The researchers concluded that this initial intake is related not to dehydration but to the size of the equine stomach. Once filled, the horse will not drink until the stomach was emptied. This may be the reason that the time-honored practice has been to offer a small amount of water to a recently exercised horse. The researchers agreed that this practice was not detrimental to the horse provided that additional fluids were made available to the horse in the 15-20 minutes following exercise. Schott's group also found that offering a solution of salty water (0.9% NaCl) initially following exercise resulted in a greater amount of water being consumed during the hour following exercise than if normal water were given immediately.

They encouraged this practice at rest breaks during exercise as well. Horses in these studies also preferred water near ambient temperature (20 degrees C) rather than cooler of hotter.

Unexpected findings

Research in horse sweat has produced some unexpected findings. Professor Malcolm Kennedy of the University of Glasgow has been looking at the protein content of equine sweat. He believes that equine sweat proteins may have applications in other fields. Horses are known to produce a large amount of protein in their sweat and unfit horses have higher levels of this protein than do conditioned horses. Professor Kennedy explains that this unique protein has detergent-like properties. It is this protein and its properties that makes horses lather-up during exercise.

"Horse sweat is unique," says Kennedy, "in that it contains a detergent-like protein that helps the perspiration to interact with the normally water repellent hairs of the coat." This detergent allows the sweat to spread over the body and enhances the surface area available for cooling.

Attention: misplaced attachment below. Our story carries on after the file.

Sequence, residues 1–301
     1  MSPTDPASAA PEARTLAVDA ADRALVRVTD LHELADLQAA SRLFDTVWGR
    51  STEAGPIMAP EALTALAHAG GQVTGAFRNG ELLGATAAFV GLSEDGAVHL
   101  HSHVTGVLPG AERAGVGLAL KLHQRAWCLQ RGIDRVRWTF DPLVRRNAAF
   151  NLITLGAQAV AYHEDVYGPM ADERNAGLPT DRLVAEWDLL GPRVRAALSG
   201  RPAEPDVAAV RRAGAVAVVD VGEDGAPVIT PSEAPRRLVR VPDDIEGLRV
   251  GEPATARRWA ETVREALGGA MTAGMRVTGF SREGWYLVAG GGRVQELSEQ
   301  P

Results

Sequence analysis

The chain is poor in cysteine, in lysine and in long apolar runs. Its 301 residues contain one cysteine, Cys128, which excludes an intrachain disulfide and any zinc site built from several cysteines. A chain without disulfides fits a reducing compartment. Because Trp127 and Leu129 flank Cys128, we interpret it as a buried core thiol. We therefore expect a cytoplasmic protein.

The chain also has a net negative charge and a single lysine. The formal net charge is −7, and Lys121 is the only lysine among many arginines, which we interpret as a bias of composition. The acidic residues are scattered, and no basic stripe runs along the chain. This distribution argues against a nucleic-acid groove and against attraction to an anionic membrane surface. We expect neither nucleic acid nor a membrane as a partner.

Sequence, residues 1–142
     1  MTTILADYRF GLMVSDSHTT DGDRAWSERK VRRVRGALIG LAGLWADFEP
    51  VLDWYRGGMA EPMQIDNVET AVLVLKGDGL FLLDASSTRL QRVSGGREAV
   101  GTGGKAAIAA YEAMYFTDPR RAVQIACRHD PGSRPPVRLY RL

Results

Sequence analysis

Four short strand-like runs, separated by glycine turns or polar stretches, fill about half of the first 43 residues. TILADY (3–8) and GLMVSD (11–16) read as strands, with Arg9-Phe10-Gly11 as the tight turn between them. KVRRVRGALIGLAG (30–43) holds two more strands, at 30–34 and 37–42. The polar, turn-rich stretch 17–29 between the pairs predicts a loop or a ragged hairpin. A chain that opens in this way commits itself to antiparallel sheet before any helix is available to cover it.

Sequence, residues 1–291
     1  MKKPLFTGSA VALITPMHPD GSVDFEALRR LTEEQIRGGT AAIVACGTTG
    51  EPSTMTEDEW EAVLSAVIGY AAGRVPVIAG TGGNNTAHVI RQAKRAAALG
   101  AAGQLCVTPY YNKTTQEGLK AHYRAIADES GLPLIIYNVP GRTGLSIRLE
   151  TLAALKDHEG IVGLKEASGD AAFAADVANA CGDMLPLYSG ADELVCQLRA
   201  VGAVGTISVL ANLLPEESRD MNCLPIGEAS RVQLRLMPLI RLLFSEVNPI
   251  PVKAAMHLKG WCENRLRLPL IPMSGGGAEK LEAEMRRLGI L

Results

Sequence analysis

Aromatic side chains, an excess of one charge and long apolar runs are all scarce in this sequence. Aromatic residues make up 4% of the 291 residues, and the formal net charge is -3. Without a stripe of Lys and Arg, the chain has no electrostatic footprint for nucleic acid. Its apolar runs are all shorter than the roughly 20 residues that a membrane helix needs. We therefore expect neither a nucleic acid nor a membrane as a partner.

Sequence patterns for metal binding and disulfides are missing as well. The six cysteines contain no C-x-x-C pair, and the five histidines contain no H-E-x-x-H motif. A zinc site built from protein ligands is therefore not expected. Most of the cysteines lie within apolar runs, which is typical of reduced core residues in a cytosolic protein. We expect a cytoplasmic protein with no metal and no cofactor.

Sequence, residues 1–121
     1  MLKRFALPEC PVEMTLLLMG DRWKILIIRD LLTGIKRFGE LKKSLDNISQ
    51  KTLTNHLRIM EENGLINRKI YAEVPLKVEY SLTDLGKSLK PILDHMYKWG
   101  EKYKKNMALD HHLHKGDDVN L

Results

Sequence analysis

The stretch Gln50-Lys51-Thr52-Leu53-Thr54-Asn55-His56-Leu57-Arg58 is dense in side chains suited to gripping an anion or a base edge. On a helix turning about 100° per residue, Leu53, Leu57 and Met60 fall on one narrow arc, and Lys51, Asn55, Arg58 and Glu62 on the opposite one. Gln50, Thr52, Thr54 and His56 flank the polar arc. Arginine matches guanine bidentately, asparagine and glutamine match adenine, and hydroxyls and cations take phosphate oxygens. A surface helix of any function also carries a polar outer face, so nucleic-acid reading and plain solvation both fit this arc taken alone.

Kennedy's interest in horse sweat extends to what it may be able to offer as a natural non-destructive detergent for environmental use. "A lot of trouble with oil spills is not the oil itself, which is bad enough, but the detergents that are put onto the slicks which can be very destructive," Kennedy writes. Researchers at the University of Glasgow are investigating the DNA code for equine sweat protein with the hopes of growing that protein in bacteria and easily producing an environmentally friendly detergent.

Researchers such as Schott, Ridgway, Kennedy and many others have provided us with increasing amounts of information concerning equine sweat, electrolyte loss and methods of replacing lost fluids in performance horses. As we continue to use horses in hot, humid conditions, we will need new and better strategies to compensate for their inefficiency in this type of weather. Most veterinarians recognize the need for electrolyte replacement during and after exercise. There are many brands of replacement products that can be given in the feed, the water or orally as a paste or slurry to help replenish the horse.

One must become familiar with these products in order to provide advice to clients. Simple electrolyte preparations can be made from items found at the grocery store (1 pound table salt, two10 oz. containers of lite salt, 2 tablespoons of Epsom salts mixed together and given at the rate of 1 to 2 oz. daily in feed) that provide a general balance supplement. Schott's recommendations of offering a small amount of salt solution immediately following exercise, followed by large volumes of room temperature water may be helpful to clients as well.